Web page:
In a study of 32 countries, the US Energy Information Administration (EIA) found that South Africa has the 5th largest reserves of potentially recoverable shale gas. At 485 trillion cubic feet of natural gas, the shale reserves in South Africa surpass those of Australia, Brazil, Canada, and Poland, where Prime Minister Donald Tusk has called natural gas his country’s “great chance,” according to the Wall Street Journal.

Fracking is a controversial technique. In order to extract gas from shale formations, energy companies drill thousands of meters below ground, then drill horizontally into a shale formation. The rig operators pump water and a mixture of chemicals into the shale at high pressures, fracturing rock formations and allowing gas to flow. Fracking opponents worry that the chemicals involved in the process will contaminate water supplies, threatening both human communities and natural ecosystems. Proponents, such as Ben Grumbles, president of the non-for-profit Clean Water America Alliance, disagree. Grumbles has written, “Hydraulic fracturing can be ‘safe’ when done in the right place, on the right scale, with the right safeguards.”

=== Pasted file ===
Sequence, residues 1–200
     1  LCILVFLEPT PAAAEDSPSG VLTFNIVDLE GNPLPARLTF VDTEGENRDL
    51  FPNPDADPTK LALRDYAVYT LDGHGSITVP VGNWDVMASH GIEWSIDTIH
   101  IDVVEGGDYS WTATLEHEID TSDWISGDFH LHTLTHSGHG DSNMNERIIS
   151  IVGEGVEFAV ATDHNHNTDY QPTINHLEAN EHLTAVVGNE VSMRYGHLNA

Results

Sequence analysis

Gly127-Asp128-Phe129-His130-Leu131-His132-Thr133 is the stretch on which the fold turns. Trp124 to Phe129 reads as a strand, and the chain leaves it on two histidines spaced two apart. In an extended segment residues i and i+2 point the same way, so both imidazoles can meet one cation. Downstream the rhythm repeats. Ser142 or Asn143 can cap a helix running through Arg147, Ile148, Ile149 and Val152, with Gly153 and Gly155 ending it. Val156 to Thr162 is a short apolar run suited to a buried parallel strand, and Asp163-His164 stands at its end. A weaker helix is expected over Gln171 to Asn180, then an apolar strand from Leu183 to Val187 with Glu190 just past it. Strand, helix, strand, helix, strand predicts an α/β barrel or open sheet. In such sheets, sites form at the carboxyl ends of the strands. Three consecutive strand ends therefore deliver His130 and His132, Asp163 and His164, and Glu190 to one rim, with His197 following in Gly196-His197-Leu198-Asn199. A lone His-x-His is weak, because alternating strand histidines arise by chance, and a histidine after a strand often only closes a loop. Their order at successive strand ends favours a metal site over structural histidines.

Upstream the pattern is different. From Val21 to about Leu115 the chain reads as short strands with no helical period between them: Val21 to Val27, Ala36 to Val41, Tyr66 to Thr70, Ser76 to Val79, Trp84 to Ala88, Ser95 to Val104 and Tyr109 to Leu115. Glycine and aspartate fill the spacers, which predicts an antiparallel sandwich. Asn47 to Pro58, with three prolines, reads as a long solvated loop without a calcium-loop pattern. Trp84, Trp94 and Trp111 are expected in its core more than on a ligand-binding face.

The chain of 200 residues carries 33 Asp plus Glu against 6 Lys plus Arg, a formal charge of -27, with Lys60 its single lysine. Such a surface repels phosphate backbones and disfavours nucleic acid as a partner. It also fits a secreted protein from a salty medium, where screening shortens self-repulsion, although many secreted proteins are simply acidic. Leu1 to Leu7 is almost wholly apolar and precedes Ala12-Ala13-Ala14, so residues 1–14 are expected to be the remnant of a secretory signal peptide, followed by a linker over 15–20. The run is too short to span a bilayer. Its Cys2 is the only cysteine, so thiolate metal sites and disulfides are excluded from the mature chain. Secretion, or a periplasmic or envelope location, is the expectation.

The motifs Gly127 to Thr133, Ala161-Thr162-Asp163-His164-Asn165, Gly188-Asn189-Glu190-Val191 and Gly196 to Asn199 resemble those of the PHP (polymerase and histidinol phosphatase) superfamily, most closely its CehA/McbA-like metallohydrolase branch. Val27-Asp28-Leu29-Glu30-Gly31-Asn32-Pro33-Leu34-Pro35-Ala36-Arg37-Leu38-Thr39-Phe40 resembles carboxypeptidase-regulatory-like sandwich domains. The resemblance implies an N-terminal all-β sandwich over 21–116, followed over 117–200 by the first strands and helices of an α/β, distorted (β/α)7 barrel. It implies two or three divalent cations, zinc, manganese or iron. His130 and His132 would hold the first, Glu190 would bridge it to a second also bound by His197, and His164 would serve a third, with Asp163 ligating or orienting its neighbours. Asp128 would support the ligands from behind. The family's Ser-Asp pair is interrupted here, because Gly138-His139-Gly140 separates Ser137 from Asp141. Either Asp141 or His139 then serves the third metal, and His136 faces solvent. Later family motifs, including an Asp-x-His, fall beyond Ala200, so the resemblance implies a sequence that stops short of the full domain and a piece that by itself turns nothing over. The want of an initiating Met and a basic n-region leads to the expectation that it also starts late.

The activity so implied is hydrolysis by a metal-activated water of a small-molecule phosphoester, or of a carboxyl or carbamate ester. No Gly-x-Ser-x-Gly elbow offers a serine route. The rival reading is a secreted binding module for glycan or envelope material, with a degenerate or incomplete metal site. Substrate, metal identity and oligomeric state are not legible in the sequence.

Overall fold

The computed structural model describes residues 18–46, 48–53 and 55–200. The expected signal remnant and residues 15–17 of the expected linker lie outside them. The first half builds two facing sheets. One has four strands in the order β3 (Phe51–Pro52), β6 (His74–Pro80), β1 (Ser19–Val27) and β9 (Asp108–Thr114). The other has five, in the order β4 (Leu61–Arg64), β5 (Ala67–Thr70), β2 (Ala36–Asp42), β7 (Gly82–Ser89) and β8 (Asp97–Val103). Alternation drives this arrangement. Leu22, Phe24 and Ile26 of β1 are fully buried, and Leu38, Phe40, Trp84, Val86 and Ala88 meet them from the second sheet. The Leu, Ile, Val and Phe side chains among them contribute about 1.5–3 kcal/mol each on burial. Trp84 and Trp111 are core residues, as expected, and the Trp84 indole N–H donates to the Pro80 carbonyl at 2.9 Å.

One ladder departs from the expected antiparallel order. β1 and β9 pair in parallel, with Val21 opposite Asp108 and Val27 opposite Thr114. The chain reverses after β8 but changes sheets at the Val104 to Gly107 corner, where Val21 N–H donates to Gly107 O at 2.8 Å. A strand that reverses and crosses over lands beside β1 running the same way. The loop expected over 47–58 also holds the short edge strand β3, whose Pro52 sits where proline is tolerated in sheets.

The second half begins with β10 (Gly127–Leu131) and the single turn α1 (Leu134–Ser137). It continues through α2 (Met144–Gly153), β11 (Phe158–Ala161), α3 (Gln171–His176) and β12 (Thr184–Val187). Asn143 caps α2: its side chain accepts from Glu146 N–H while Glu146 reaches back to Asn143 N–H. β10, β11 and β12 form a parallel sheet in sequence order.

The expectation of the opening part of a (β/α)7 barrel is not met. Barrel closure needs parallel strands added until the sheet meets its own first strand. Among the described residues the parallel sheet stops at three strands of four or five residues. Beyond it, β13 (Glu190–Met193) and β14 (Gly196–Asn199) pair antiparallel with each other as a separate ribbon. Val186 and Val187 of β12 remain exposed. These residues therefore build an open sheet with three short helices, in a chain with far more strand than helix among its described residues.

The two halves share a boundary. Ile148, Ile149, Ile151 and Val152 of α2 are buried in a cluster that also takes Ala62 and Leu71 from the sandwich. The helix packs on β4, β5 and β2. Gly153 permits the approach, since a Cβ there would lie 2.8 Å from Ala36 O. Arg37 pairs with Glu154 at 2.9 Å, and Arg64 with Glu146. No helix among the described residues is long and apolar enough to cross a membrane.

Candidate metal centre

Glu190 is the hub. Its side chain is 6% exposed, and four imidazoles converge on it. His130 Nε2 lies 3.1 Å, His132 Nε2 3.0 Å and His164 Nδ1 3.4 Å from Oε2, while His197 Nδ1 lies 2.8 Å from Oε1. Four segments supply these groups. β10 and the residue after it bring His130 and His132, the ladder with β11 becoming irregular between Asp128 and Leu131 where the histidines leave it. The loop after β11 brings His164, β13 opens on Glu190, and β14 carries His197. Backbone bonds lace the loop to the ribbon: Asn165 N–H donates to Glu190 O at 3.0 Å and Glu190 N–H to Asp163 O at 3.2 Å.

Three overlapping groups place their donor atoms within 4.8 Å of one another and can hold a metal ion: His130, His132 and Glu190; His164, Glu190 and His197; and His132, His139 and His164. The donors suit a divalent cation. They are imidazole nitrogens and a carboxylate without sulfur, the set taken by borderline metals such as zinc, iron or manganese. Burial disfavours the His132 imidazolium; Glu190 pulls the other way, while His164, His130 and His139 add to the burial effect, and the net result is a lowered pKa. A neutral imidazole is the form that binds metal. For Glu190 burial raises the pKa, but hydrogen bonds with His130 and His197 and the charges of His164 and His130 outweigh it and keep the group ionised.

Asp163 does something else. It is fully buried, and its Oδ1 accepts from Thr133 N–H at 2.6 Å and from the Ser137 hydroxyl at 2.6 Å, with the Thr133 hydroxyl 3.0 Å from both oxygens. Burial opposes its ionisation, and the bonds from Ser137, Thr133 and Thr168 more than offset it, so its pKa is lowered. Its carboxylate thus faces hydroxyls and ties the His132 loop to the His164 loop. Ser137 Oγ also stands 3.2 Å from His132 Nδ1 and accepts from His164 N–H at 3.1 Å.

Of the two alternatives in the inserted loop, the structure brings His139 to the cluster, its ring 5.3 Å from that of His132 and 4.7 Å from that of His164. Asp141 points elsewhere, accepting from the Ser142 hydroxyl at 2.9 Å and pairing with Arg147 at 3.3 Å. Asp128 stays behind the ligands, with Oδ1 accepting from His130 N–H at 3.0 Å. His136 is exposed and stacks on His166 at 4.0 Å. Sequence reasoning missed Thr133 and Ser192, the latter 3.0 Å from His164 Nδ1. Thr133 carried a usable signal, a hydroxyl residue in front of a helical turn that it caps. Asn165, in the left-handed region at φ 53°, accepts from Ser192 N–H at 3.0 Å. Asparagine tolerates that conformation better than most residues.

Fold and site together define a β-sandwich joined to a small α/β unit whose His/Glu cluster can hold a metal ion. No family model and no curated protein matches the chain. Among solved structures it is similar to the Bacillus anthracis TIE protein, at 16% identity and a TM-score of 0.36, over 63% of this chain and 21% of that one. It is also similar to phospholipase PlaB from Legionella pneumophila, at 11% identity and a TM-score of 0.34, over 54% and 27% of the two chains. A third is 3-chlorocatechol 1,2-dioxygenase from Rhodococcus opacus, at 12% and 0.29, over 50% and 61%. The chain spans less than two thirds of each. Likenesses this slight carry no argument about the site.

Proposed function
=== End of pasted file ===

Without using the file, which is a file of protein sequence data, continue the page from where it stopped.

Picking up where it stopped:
Royal Dutch Shell, Falcon Oil, Sunset Energy, Sasol Oil, and Bundu Oil and Gas are all eager to explore South Africa’s shale basin in the semi-arid Karoo region, which stretches between Capetown and Johannesburg. This area has the lowest population density in the country. But with over 6,000 plant species, 40 percent of which are unique to the area, the Karoo is rich in biodiversity. In February 2011, Susan Shabangu, the Minister of Mineral Resources, instituted a nation-wide ban on shale gas exploration, citing environmental concerns.

Pressure from both sides of the issue has only grown louder since Shabangu’s announcement. In March of this year, Treasure the Karoo Action Group, an organization fighting shale exploration, declared, “In the event that Minister Shabangu issues exploration licenses under the current status quo, we will look to the courts for protection.” In May, Energy Minister Dipuo Peters, according to local media reports, called the gas beneath the Karoo a “blessing that God gives us,” adding, “and we need to exploit it for the benefit of the people.”